A full-blown revival in the country’s industrial activity might be a protracted process, even as a nascent recovery is on, the Index of Industrial Production (IIP) estimates for June suggested on Tuesday. Though the index reflected an expansion in industrial output, for a third straight month, the rate of growth fell to 3.4 per cent from the previous month’s revised estimate of five per cent.
Data on retail inflation, also released on Tuesday, seems to reaffirm the Reserve Bank of India’s (RBI’s) decision to maintain the status quo on the repo rate. The inflation rate, as measured by the consumer price index, rose to 7.96 per cent in July from 7.46 per cent the previous month.
A slower expansion in industrial output in June was primarily on account of a weak show by the manufacturing sector, which has a weight of 75 per cent on the index. Manufacturing growth slowed to 1.8 per cent from five per cent in May. Of the twenty-two industries that the index is comprised of, seven registered a contraction in output during the month, compared with six in May.
On a use-based classification, capital goods production, considered a proxy for investment demand, grew 23 per cent, against 4.3 per cent in May. But growth in this sector was erratic, owing largely to data-related issues. The biggest decline was seen in the consumer goods sector, with consumer durables output declining 23.4 per cent.
Over the past year, the consumer durables segment has expanded in only one month. This appears to be in line with RBI’s consumer expectation survey, which showed the current-situation index in June was at the threshold level of March. The survey also noted that net responses on the current economic condition remained negative.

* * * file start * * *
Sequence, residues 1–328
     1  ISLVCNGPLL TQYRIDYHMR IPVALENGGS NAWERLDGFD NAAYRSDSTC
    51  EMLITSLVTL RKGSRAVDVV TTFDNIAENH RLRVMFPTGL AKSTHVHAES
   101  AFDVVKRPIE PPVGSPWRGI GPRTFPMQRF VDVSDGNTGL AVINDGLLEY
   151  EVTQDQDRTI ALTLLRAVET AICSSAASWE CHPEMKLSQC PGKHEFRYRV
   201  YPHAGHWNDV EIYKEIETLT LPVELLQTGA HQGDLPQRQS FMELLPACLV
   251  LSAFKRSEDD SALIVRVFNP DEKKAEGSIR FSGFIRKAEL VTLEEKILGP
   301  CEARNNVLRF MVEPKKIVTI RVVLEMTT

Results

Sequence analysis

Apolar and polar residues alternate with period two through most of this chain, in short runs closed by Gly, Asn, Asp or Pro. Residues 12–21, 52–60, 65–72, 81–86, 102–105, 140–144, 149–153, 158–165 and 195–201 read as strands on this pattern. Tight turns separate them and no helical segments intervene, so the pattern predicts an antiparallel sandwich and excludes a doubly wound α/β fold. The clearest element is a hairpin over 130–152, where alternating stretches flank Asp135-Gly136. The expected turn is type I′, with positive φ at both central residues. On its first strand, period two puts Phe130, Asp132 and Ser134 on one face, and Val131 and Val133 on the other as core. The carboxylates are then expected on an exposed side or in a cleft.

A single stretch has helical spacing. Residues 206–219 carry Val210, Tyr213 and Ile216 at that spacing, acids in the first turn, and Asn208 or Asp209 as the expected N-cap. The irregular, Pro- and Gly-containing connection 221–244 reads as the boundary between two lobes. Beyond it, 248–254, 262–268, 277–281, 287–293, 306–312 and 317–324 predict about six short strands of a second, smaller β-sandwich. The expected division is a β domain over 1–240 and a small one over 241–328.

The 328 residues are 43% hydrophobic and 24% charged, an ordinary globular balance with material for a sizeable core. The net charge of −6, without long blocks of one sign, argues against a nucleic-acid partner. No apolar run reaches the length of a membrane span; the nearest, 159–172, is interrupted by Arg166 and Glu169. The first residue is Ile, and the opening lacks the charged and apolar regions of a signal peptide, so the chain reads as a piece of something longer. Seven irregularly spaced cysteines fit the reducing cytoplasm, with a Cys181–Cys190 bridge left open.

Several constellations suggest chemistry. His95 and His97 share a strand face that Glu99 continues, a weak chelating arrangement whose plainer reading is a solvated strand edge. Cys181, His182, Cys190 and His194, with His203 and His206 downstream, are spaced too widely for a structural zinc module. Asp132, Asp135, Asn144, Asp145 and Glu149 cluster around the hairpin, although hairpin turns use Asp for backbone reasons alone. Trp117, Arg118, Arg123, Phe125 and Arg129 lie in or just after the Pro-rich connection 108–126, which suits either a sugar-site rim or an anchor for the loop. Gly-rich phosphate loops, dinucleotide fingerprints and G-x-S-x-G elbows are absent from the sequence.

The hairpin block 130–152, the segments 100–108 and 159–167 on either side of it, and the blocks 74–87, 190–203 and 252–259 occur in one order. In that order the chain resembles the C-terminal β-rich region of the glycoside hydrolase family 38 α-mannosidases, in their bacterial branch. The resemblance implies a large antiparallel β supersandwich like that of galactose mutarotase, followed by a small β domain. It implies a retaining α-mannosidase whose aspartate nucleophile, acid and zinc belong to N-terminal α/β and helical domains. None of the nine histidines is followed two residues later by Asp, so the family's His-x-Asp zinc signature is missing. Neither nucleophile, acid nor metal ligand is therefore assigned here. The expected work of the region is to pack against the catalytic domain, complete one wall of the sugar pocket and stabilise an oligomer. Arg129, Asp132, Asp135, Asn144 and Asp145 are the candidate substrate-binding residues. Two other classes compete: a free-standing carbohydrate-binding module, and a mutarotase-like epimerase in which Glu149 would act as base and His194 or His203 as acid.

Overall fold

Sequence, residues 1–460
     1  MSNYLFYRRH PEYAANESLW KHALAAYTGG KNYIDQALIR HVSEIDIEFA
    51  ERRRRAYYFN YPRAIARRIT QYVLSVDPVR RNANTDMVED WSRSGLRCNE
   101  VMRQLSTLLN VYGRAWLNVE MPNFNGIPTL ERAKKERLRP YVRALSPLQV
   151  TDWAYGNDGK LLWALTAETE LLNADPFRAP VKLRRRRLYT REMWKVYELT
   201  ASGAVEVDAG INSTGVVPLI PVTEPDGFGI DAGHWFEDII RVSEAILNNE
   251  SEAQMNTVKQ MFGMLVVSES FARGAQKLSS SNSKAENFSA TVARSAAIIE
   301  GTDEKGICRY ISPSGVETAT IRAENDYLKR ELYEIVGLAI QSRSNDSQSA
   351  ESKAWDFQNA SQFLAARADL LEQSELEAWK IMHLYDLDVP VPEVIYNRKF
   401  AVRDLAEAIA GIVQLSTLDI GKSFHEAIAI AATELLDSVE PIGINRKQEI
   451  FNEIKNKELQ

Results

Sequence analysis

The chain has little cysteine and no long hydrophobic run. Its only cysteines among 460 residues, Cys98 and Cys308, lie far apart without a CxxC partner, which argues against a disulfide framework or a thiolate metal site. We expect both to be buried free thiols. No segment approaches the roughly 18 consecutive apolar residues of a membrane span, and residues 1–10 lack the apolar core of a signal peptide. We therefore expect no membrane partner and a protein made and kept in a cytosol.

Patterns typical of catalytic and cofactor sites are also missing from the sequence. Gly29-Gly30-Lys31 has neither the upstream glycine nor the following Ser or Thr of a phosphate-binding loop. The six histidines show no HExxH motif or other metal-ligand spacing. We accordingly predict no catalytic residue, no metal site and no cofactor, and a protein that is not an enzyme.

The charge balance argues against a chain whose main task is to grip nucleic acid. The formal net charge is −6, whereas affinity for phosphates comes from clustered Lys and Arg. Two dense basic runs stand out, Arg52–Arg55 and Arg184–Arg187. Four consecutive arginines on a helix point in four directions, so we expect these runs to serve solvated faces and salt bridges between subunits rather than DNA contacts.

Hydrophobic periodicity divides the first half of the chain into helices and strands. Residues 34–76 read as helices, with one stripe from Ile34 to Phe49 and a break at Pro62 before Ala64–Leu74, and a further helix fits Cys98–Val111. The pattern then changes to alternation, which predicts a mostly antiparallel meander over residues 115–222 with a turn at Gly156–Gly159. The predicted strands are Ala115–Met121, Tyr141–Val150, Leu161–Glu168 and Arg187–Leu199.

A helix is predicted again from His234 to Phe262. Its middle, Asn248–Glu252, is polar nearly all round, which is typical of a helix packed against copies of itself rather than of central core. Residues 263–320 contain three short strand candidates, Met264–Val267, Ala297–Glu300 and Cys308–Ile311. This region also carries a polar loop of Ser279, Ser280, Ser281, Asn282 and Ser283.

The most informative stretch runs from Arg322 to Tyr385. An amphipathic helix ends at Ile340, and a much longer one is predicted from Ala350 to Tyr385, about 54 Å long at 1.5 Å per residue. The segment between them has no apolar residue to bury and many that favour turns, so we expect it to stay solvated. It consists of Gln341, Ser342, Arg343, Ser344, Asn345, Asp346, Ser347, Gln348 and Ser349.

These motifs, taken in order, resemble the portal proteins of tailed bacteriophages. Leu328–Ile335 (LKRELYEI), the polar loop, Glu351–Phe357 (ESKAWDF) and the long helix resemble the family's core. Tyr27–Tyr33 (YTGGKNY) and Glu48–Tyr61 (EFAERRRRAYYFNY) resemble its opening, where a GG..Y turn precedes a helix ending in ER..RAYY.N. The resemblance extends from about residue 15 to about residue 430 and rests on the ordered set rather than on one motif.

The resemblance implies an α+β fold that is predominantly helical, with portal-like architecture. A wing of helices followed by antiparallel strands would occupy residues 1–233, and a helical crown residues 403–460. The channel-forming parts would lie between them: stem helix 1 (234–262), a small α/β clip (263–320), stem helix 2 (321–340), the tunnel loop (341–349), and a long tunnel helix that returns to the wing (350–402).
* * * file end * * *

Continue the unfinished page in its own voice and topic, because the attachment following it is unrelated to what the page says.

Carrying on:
However, the survey also indicates improvement in the Future Expectations Index (FEI) due to an increase in positive perceptions on all parameters, with the exception of prices, implying there might be a pick-up in demand.
The mining sector grew 4.3 per cent, compared with 2.9 per cent the previous month. A meaningful recovery, it is believed, might warrant greater policy clarity on coal block allocations. Growth in the electricity sector, too, was erratic, with the sector growing 15.7 per cent in June, against 6.7 per cent the previous month. According to Arvind Virmani, former chief economic advisor in the finance ministry, “IIP has been at the bottom of a stretched-out U”.
One might argue better economic growth in the US and the EU would increase demand for Indian goods, providing the much-needed fillip to domestic manufacturing. But, as it stands currently, a full-blown revival in the manufacturing sector does not seem to be in sight.